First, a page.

The last word…

open door, rock chapel

Following on from my previous post, I have been thinking a lot about the grace of God recently. Hardly surprising, as I am frequently in need of huge doses of it, but also because I have been immersed in thoughts about our understandings of hell, redemption and atonement.

As part of this I re-read Brian McLaren’s book “The Last Word, and the Word After that” which adventures into this territory. I read the whole thing in one sleepless night, hungry as I was to try to come to some view of these things myself.

From this, I wrote this;

The last word


I was reading a story from the Gospel of Mark about

Jesus. It was one of the hard passages where he uses

words that bite – words that leave no space for

my failure.

Jesus told his disciples to stand up for him before men and

the angels will sing. However those who disown

him will be lost – sent out in



And then I remembered Peter.

Rock of the Church.

Three time sinner before the crow of the cock.


Then I remembered too the story of the Garden where

God tells Adam (and Eve) that if they eat the fruit of the tree they shall surely die.

Not in abstract; they had no concept of the legacy left by the origin of their sin.

Yet they do not die, and God

cares for them, clothes them, sends them out onto the human race

like an anxious parent.


There is God’s

last word –

and the





which is always



(with apologies to Brian Mclaren for pinching his book title.)

Brigid and Babette’s feasts…

I picked up a book that a colleague was throwing out today- entitled ‘The Celtic Year- a celebration of Celtic Christian saints, sites and festivals‘ by Shirley Toulson.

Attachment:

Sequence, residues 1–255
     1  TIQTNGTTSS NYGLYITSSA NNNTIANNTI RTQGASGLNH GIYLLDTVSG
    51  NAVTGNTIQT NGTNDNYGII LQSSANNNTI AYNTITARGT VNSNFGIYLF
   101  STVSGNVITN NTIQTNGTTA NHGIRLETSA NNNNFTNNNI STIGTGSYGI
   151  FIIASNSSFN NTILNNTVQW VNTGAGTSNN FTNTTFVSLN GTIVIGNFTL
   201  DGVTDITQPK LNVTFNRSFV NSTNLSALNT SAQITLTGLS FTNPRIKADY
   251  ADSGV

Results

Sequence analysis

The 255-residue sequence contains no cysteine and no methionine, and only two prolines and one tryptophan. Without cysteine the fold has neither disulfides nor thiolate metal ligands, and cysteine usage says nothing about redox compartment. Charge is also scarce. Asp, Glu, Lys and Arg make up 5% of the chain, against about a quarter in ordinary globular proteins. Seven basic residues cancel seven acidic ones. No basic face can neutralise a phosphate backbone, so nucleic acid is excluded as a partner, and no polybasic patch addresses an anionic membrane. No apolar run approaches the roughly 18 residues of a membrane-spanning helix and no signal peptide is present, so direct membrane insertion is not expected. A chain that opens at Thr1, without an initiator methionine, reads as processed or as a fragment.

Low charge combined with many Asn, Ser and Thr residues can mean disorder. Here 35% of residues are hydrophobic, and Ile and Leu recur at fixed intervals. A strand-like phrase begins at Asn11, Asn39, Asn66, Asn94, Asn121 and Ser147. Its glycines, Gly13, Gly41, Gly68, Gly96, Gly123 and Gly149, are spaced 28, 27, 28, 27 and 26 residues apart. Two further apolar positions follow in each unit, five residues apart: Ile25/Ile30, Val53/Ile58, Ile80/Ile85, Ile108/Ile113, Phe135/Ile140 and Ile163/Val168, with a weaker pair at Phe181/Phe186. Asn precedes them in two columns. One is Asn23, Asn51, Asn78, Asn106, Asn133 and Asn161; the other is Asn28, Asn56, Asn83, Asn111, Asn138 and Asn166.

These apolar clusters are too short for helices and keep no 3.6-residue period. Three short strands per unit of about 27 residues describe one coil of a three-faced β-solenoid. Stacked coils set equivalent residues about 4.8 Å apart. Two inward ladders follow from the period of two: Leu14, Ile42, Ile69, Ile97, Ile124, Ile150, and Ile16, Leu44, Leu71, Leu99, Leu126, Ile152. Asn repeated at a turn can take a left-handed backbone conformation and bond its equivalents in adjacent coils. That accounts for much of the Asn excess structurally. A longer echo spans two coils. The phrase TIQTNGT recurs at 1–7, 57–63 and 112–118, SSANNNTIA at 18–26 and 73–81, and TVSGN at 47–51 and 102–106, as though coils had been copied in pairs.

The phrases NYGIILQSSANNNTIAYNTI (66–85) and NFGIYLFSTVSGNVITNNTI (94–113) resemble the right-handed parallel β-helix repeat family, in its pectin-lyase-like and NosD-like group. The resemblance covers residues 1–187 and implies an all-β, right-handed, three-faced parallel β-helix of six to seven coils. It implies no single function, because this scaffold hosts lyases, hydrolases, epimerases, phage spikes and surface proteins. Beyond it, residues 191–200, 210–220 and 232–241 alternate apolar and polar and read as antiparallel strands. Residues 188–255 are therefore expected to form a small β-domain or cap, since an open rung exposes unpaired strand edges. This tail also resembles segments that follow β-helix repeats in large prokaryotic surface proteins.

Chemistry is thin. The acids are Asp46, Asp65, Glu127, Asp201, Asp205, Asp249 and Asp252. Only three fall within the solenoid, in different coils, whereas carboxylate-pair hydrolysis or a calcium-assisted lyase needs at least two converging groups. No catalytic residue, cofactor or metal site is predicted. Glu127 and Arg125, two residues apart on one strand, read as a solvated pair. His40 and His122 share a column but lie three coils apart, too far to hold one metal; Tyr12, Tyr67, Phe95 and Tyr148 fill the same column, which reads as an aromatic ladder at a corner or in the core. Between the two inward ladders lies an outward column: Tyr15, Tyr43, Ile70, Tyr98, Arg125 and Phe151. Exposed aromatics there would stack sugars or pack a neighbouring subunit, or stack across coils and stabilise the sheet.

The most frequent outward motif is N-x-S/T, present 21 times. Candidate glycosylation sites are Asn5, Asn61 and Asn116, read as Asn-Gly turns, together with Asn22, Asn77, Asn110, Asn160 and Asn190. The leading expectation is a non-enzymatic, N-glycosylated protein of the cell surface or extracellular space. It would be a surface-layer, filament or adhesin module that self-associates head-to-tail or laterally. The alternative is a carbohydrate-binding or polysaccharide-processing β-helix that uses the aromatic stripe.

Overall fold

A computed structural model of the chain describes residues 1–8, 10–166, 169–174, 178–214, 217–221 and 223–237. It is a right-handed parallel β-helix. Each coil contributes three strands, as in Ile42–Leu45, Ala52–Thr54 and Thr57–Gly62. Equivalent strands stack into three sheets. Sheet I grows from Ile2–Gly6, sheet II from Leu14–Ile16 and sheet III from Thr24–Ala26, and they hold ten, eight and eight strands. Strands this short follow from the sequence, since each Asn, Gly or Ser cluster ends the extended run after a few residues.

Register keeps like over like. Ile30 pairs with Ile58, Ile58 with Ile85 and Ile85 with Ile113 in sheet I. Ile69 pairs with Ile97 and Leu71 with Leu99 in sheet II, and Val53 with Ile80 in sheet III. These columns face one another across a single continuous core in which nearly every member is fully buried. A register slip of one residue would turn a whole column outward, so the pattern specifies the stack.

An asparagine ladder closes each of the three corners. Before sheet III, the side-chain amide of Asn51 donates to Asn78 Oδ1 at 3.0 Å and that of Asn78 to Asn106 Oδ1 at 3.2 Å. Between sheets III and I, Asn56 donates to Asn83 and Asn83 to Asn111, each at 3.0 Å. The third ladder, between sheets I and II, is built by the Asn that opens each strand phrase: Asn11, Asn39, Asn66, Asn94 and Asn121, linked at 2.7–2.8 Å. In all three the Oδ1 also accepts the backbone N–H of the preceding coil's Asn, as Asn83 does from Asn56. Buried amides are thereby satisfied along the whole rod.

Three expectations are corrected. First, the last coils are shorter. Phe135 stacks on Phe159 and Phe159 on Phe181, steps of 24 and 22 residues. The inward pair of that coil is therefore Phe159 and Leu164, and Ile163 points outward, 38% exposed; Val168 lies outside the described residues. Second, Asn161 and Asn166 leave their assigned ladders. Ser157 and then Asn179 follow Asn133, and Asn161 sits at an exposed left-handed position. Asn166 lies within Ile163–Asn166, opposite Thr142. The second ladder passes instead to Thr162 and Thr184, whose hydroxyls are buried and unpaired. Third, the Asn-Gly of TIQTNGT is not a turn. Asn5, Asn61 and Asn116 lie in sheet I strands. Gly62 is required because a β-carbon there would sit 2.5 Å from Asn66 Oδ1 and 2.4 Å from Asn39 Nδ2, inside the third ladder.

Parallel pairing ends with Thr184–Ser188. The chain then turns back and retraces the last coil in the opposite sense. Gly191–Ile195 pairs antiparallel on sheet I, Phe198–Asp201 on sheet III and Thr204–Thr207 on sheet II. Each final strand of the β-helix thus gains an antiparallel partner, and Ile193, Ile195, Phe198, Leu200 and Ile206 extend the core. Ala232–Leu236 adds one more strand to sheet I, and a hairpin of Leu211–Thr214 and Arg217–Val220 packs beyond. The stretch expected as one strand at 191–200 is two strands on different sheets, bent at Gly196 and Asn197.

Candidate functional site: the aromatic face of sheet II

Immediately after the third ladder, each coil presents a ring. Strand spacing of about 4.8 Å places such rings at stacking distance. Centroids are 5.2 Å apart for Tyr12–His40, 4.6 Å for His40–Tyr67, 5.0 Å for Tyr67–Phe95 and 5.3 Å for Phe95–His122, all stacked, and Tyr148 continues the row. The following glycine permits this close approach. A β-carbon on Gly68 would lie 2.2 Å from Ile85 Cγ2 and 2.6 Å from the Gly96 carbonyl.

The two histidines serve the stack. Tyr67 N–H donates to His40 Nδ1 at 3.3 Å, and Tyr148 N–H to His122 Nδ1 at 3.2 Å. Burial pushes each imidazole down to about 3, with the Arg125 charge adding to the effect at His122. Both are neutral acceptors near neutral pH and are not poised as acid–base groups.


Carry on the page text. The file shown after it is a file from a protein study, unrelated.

I had a flick through- and came across this

Brigid’s Feast.

I would like a great lake of the finest ale

For the King of Kings.

I would like a table of the choicest food

For the family of heaven.

Let the ale be made from the fruits of faith

And the food be forgiving love

I should welcome the poor to my feast

For they are God’s children

I should welcome the sick to my feast

For they are God’s joy

Let the poor sit with Jesus at the highest place

And the sick dance with the angels.

God bless the poor

God bless the sick

God bless our human race

God bless our food

God bless our drink

All homes, O God, embrace.

And this in turn reminded me of the film Babette’s Feast.

For those of you who have not seen this film, it tells the story of an extreme religious community on the wild Denmark coast, living a life of simplicity and austerity, clinging on to the teachings of their now dead leader. Then along comes a refugee from the wars in a troubled 19th Century Europe, and they take her in. For years she works as an unpaid servant, preparing the dreadful food- fish soup and gruel- that the community eat.

Then one day, after years of hard work, news reaches her that she has won a lottery- a small fortune. The community prepare themselves to say goodbye to their loyal servant, and reluctantly agree to allow her to cook for them- a feast.

A feast the like of which this community- with all its austerity, its petty squabbles and its suspicion of all things ‘of the world’- could not begin to imagine. The finest wines, turtle soup, amazing complicated dishes.

And Babette’s former life as a famous chef in Paris is revealed- as the members of the community are transformed by this encounter with the feast- as tongues are loosened, and rigidity eroded. Until they stand together and sing hymns under the stars.

And discover that Babette had spent every single penny of her new found wealth on this one meal…

It is a story of grace and redemption and religion gone wrong, only to find itself again.

Here are a couple of clips- you can watch the whole thing on You tube should you fancy it.